We turned on the radio again and learned that the number of affected households was up to 300,000. The radio advised us that some areas may not get power until Christmas Eve. The City opened up some community centres where people could go get warm, get something to eat and if needed, spend the night. By midday, we had the fire going again to keep us comfortable and warm. The rest of the house was getting colder and colder (especially the basement). At least power had been restored to the water pumping stations and to one of the two hospitals affected.

As the day progressed, the media continued to deliver bad news and it wasn’t long before I realized that we might be one of the last areas to have powered restored. We’re on a small street and it looked like all the streets around us weren’t affected. Ok…we’re not going to be a priority and we only have enough wood for another night. The temperature downstairs was getting very cold and we started having concerns about pipes bursting.

Fiona and I hopped in the car and went looking for some sort of gas heater that was safe to use indoors. As we drove around, we could see the vast damage from the fallen trees. Some neighbourhoods had power, some did not. Some areas had no cell service. We went store to store and everyone said the same thing “We sold all our heaters and ice salt yesterday”. Many stores were running with limited lights but were at least open thanks to their own backup generators. Eventually we found something. It was a large area heater and the box said “Outdoor and Indoor Use”. I really didn’t want to spend the money on something that may not be safe to use but the cost of repairs to the house would have been far greater should the pipes burst. This thing was massive and could heat an area of 3000 square feet. I didn’t feel good about using it though but we bought it anyway and I would just read the instructions carefully. Besides, it’s not like we couldn’t bring it back if we decide to not use it.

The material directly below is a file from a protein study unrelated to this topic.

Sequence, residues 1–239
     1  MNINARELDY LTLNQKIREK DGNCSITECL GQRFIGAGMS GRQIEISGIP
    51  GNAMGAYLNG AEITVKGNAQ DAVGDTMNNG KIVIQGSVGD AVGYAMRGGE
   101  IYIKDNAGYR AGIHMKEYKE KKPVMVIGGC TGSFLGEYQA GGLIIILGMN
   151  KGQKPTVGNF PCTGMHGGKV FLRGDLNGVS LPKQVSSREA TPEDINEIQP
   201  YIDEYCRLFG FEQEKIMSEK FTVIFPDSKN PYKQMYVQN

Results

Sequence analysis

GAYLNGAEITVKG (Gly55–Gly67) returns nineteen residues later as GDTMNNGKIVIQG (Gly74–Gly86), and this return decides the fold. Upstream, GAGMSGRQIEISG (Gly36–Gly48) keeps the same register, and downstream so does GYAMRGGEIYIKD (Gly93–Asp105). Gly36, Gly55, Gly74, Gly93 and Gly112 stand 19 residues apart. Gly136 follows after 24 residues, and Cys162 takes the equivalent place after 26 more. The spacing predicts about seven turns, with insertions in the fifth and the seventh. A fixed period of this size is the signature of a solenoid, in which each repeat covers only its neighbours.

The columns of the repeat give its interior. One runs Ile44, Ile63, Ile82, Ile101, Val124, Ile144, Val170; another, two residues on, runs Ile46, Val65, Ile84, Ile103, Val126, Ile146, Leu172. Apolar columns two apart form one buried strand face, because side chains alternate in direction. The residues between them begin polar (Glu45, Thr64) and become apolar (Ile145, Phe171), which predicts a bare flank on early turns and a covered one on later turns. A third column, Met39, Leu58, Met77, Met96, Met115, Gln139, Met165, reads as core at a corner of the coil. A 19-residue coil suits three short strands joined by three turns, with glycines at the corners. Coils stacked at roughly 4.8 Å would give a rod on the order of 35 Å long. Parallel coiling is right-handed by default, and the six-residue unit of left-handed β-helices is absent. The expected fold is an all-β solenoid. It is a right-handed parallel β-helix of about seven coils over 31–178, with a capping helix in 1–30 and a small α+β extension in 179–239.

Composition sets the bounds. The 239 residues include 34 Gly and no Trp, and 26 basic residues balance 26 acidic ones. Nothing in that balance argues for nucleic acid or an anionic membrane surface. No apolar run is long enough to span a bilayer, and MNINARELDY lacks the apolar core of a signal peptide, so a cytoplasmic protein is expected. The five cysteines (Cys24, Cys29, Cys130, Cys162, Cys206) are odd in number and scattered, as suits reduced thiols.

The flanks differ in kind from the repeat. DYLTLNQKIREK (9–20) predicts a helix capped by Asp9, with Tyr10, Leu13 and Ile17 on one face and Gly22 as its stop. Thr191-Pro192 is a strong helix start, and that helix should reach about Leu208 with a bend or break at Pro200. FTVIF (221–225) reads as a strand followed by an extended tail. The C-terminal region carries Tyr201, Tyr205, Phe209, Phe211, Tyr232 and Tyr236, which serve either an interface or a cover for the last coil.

Many of the gas stations we passed were closed due to the lack of electricity. However the ones that were open had a line-up of cars nearly one hour long. I’m glad we filled our tank on Saturday before the storm hit.

Our next priority was wood. We went to our local supplier and they too had no power. It was at this point that I realized that the outage in our area was more extensive than just our one street (despite the streets on either side of us being un-affected). The shop owner was just arriving and trying to assess his own situation. All he was able to sell was his supply of wood and Christmas trees. After a short discussion, he agreed to deliver a load of wood later in the afternoon and may even buy our newly purchased heater should we decide to not use it.

The temperature was dropping fast and the City issued a cold weather alert and warned of strong winds. Great…whatever trees that were only just barely handling the loads would surely snap now making for further damage. I was concerned about the massive tree in our front yard. Many branches over hung the house and driveway. We had already gotten permission from one of our neighbours to park in his driveway so our car wouldn’t get crushed. There wasn’t much we could do about the motorcycle though (the Ural is pretty wide with that sidecar).